Symposium and Book Launch: European Cultural Diplomacy and Arab Christians in Palestine (1918–1948)

  • March 11, 2021 - 11:30am

The Office of the Dean of Research and the Research Council are pleased to invite you to attend a symposium and the launch of the book, European Cultural Diplomacy and Arab Christians in Palestine, 1918–1948: Between Contention and Connection.\

This event will be held at 11:30 am tomorrow, Thursday March 11 2021, at the following link:


Symposium Program

11:30 Opening and Welcoming Remarks

Br. Dr. Peter Bray, Vice Chancellor, Bethlehem University

11:40 Book Launch: Introduction and Overview

Dr Sary Zananiri, co-editor

11:55 The Modern Palestinian Novel, the Nahda, and Arab Nationalism

Sadia Agsous

12:10 Palestinian Christians and Colonial Archaeology

Dr Sarah Irving

12:25 Responses and QA

12:55 Concluding Remarks


Speakers Bios:

Dr Sary Zananiri is a postdoctoral researcher at Leiden University for CrossRoads: European Cultural Diplomacy and Arab Christians as well as the Netherlands Institute for the Near East.


Sadia Agsous is a doctor in Literatures and Civilizations (INALCO-Paris), and a researcher in the field of languages and cultures of the Middle East and North Africa.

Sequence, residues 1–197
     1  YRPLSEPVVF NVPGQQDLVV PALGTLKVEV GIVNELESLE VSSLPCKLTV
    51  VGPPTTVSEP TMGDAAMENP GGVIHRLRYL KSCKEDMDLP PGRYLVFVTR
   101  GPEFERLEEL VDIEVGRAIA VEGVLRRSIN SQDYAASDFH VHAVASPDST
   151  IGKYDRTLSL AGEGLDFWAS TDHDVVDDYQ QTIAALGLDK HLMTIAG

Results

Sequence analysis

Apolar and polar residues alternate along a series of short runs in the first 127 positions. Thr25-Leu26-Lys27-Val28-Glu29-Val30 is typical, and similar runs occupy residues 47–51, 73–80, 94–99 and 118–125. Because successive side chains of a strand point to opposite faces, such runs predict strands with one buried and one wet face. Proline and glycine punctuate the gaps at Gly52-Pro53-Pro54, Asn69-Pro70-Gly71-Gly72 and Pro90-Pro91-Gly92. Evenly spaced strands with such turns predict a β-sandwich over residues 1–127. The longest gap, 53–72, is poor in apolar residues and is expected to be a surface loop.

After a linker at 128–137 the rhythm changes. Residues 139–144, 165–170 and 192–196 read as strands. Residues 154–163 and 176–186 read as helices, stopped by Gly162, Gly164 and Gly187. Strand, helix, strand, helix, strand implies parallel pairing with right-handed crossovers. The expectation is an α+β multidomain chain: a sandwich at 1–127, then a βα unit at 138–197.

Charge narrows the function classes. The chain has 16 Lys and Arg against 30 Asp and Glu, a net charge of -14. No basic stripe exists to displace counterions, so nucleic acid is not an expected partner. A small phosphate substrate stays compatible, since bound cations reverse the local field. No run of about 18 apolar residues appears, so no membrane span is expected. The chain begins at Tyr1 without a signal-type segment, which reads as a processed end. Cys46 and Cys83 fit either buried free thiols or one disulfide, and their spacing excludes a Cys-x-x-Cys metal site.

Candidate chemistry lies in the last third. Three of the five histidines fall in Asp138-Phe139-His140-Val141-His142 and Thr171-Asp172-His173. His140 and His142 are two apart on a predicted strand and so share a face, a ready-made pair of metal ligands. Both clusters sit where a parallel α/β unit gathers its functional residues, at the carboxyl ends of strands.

Dr Sarah Irving is Leverhulme early career fellow at Edge Hill University in England, researching the 1927 earthquake in Palestine, and editor of the journal Contemporary Levant.


Karène Sanchez Summerer is an Associate Professor at Leiden University and the PI for CrossRoads: European Cultural Diplomacy and Arab Christians. A Connected History 1920-1950.

More about the book:

The book investigates the transnationally connected history of Arab Christian communities in Palestine during the British Mandate (1918-1948) through the lens of the birth of cultural diplomacy. Relying predominantly on unpublished sources, it examines the relationship between European cultural agendas and local identity formation processes and discusses the social and religious transformations of Arab Christian communities in Palestine via cultural lenses from an entangled theoretical perspective of cultural diplomacy.


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